• Figure 4 illustrates graphically one way to establish points that determine first bracketing gamut 45A and second bracketing gamut 45B. Two intersection points are located along each line 44. First intersection points 47R, 47G and 47B are respectively located at the intersections of a corresponding line 44 with triangle 40C. Second intersection points 48R, 48G and 48B are respectively located at the intersections between a corresponding line 44 and an extension of an edge of triangle 40C. The positions of intersection points 47 and 48 may be specified by absolute coordinates or as locations relative to the length of the line 44 between the primaries of gamuts 40A and 40B. Such proportions may be represented in various ways.
  • An interpolation parameter may be derived from first and second gamuts 45A and 45B by taking the proportion corresponding to the first intersection point 47 for which the proportion of the way along line 44 outwardly from gamut 40A is greatest (in the Figure 4 example 47B) and taking the proportion corresponding to the second intersection point 48 for which the proportion of the way along line 44 outwardly from gamut 40A is least (in the Figure 4 example 48G) and finding a proportion that is a fraction of the way between these proportions (for example ½ way between). Interpolation parameters may be determined from this proportion.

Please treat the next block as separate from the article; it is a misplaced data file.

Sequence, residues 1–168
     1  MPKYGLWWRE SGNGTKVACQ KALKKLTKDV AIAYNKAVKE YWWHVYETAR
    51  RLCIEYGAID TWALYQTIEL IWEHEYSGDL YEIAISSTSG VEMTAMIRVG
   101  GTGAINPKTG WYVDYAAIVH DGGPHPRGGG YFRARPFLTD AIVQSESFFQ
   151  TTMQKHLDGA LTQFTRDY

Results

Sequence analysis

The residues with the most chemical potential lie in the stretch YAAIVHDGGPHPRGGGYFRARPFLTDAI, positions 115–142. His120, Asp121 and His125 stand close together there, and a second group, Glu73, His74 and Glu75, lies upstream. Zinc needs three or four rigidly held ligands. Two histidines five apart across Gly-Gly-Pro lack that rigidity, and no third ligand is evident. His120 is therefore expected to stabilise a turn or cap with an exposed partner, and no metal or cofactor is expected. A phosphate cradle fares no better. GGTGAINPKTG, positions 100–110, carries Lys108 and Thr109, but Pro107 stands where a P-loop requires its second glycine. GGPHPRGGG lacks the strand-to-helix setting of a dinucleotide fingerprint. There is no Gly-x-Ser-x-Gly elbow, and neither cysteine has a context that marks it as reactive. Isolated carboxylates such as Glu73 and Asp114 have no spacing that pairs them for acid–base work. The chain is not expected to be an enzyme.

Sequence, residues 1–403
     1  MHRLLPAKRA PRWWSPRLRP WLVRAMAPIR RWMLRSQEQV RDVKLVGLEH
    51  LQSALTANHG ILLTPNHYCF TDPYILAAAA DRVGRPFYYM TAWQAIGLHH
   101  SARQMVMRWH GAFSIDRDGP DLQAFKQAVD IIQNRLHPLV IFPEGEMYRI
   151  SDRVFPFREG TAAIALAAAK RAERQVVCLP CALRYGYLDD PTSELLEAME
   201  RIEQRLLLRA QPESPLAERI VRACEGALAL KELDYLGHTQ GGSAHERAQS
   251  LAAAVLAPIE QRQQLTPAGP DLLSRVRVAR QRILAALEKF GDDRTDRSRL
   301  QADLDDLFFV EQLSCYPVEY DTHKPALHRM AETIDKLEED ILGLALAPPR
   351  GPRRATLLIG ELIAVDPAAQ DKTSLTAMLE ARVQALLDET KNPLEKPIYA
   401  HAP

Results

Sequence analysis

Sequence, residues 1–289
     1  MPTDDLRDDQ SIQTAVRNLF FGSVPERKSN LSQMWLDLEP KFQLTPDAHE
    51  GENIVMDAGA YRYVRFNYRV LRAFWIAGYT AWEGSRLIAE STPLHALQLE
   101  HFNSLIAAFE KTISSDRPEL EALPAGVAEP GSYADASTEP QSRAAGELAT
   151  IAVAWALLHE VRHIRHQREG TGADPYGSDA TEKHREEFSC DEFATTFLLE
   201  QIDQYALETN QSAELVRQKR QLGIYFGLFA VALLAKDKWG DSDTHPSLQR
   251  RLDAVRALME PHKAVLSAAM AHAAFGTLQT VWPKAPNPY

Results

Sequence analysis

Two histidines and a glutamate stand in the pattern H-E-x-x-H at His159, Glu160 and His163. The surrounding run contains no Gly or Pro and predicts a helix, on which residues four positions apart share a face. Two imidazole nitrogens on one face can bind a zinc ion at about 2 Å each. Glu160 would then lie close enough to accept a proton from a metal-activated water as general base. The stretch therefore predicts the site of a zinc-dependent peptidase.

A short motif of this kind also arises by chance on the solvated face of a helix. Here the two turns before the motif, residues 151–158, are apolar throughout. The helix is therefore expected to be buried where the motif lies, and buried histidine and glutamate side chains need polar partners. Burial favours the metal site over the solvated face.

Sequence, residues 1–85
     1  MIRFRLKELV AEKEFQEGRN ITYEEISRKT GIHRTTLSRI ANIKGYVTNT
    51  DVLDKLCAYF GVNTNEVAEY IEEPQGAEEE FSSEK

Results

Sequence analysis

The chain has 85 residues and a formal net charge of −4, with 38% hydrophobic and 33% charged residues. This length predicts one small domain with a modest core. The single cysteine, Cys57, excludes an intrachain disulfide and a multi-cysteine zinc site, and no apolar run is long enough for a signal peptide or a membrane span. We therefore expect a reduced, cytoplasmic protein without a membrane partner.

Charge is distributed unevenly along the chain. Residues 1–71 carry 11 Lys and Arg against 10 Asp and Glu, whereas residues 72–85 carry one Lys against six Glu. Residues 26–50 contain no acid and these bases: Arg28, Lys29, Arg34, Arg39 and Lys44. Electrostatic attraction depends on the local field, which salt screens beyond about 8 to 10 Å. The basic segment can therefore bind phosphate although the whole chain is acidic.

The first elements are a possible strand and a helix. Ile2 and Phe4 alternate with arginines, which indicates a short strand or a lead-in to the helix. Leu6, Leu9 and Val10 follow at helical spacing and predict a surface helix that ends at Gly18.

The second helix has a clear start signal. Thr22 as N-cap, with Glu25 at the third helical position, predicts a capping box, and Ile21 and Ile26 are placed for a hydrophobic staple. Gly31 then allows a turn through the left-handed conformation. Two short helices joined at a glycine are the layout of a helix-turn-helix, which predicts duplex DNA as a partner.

• By way of example, if the proportion along line 44 is given by a value in the range of 0 to 1 with a value of 0 corresponding to the primary of first gamut 40A on the line 44 and a value of 1 corresponding to the primary of second gamut 40B on line 44 then an interpolation parameter β from Equations (3) and (4) may be given by the proportion and the interpolation parameter α may be given by (1-β).
  • Figure 5 illustrates a process 50 for establishing and applying an interpolation coefficient for interpolating chromaticity. Block 51 calculates primary interpolation lines 44 based on gamuts (e.g. 40A and 40B) specified by information 52A, 52B derived from or associated with first and second image data 14A and 14B. In some embodiments metadata associated with first and second image data 14A and 14B comprises information that specifies primary interpolation lines 44 as determined at or prior to distribution of the first and second image data 14A and 14B. Gamuts 40A and 40B may be derived from pixel values contained in first and second image data 14A and 14B respectively, determined based on a gamut of displays on which first and second image data 14A and 14B were prepared or approved, for example.